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Geschäft Review: Awards for Bayern Munich’s business from the season of 2009/10

A big summer came Munich’s way after a pretty quiet 2009 window.

Bayern Munich v Barcelona - UEFA Champions League Quarter Final 2nd Leg Photo by Etsuo Hara/Getty Images

After the let-down that was the 2008/09 season, Louis van Gaal was brought in and would allow Bayern Munich to ascend from the fringes of the top level of Europe to return to their spot at the very pinnacle of club football, winning the Bundesliga and DfB Pokal, and making it to the Champions League final where they would painfully lose to 2-0 to Internazionale.

Before we look at the stand-out moves, let’s first recap the window in its entirety.


  • Mario Gómez from VfB Stuttgart for €30m
  • Arjen Robben from Real Madrid for €25m
  • Anatoliy Tymoshchuk from Zenit St. Petersburg for €11m
  • Danijel Pranjić from Heerenveen for €7.7m
  • Edson Braafheid from Twente FC for €2m
  • Ivica Olić from Hamburg SV for free
  • Alexander Baumjohann from Borussia Mönchengladbach for free


  • Lukas Podolski to FC Köln for €10m
  • Lúcio to Internazionale for €7m
  • Mats Hummels to Borussia Dortmund for €4.2m
  • Alexander Baumjohann to FC Schalke for €1m (winter transfer)
  • Tim Borowski to Werder Bremen for €750k
  • José Sosa to Estudiantes on a one season loan
  • Luca Toni to AS Roma on a six month loan (winter transfer)
  • Edson Braafheid to Celtic on a six month loan (winter transfer)
  • Andreas Ottl to FC Nürnberg on a six month loan (winter transfer)
  • Breno to FC Nürnberg on a six month loan (winter transfer)


  • Diego Contento, Mehmet Ekici, Holger Badstuber and Thomas Müller are promoted to the first team permanently.
  • David Alaba makes his professional debut.

Leiterkletterer: Diego Contento

FC Bayern Muenchen v VfL Wolfsburg - Telekom Cup 2014 Final Photo by Oliver Hardt/Bongarts/Getty Images

It is insane to me that as of writing, Diego Contento is only 32.

Honestly, the class of 2009 wasn’t anything special, Contento being the cream of the crop. The Italian would fail to make his mark in the first team, eventually leaving Munich for Girondins Bordeaux for a fee of €1m in 2014 before finding his home in the German second tier with Fortuna Düsseldorf and later SV Sandhausen.

Überschuss: Lukas Podolski

VfL Wolfsburg v 1. FC Koeln - Bundesliga Photo by Boris Streubel/Getty Images

Lukas Podolski’s Bayern Munich career would end after a stagnant three years in Munich for a fee of €10m, going on to have an excellent spell at FC Köln before once again losing steam after leaving Köln for north London and Arsenal in 2012.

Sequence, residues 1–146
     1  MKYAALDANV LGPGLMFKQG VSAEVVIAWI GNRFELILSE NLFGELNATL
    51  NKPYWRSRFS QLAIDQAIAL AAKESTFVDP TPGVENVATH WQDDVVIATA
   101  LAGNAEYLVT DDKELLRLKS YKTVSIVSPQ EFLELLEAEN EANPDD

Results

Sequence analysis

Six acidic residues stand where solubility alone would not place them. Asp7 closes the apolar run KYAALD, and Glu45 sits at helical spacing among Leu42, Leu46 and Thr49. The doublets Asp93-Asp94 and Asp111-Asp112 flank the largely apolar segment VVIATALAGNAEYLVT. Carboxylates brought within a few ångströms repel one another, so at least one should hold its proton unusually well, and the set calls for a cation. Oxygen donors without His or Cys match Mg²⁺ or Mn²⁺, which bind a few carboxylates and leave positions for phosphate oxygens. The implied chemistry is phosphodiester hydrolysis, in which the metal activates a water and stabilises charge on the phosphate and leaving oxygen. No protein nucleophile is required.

His career would take a dive from there, but he would still enjoy a strong period right after leaving Munich.

Sehr Vermisst: Mats Hummels

DFB-Pokal, Finale 2012, Dortmund - Bayern München Photo by Team 2 Sportphoto/ullstein bild via Getty Images

After a short loan spell at Borussia Dortmund in which he established himself as a top Bundesliga centre back, Dortmund would purchase Hummels permanently for a fee of €4.2 million. Hummels would become the most consistent centre back in the league in his seven year stint at Dortmund, winning multiple Bundesliga titles on Bayern's head and a World Cup during that period.

Reue des Käufers: Danijel Pranjić

FC Bayern Muenchen v Netherlands - Friendly Match Photo by Alex Grimm/Bongarts/Getty Images

Bayern Munich’s marquee transfers were all successes in the long-term, so I’ve gone with a lesser transfer in Danijel Pranjić. The Croatian would join Bayern from Heerenveen for €7.7 million, but would struggle for game time behind Anatoliy Tymoshchuk, Philipp Lahm and even Holger Badstuber at left back. Pranjić’s debut season in particular was marred by a lack of appearances, with Badstuber being the starting left back, and Tymoshchuk taking the starting spot soon after as Badstuber transitioned to the centre of defense. Pranjić’s four year contract would never be extended, with him leaving for Sporting Lisbon on a free in 2012.

Neue Legende: Arjen Robben

Borussia Dortmund v FC Bayern Muenchen - UEFA Champions League Final Photo by Chris Brunskill Ltd/Getty Images

Mr. Wembley was one of the first players I remember being mesmerised by live. The other half of the greatest wing partnership of all time (I am talking of course about himself and Douglas Costa during the 2015/16 season), Arjen Robben will go down as one of the greatest right wingers of all time and possibly the most iconic left foot of all time minus one Argentinian. Cutting in with venom from the right, Robben would accumulate 144 goals and 101 assists in 309 appearances, an unreal record. He would be named Footballer of the Year in Germany in 2010 and would continue to be world class throughout his decade in Munich, although admittedly his injury record hampered his consistency a lot.

All this would happen after the Dutch international was reportedly forced out of Real Madrid by club president Florentino Pérez, who sold him to Bayern for €25 million to make space for the new Galacticos in Cristiano Ronaldo and Kaká. Thank you Papa Pérez and your obsession with overloading attacking positions!

What do you think of Bayern Munich’s transfer business from 2009? Should Mario Gómez have gotten a mention? Let us know in the forum below.

...and no, Gómez shouldn’t have. Don’t you tell me about his contribution. Robben is clear.

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